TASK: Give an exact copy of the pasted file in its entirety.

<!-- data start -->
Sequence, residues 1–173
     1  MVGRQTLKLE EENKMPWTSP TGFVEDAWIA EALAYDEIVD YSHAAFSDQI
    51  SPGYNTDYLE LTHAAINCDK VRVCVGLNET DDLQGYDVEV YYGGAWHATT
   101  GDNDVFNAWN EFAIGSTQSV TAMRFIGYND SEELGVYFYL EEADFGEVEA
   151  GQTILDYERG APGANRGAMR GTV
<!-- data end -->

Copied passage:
Sequence, residues 1–173
     1  MVGRQTLKLE EENKMPWTSP TGFVEDAWIA EALAYDEIVD YSHAAFSDQI
    51  SPGYNTDYLE LTHAAINCDK VRVCVGLNET DDLQGYDVEV YYGGAWHATT
   101  GDNDVFNAWN EFAIGSTQSV TAMRFIGYND SEELGVYFYL EEADFGEVEA
   151  GQTILDYERG APGANRGAMR GTV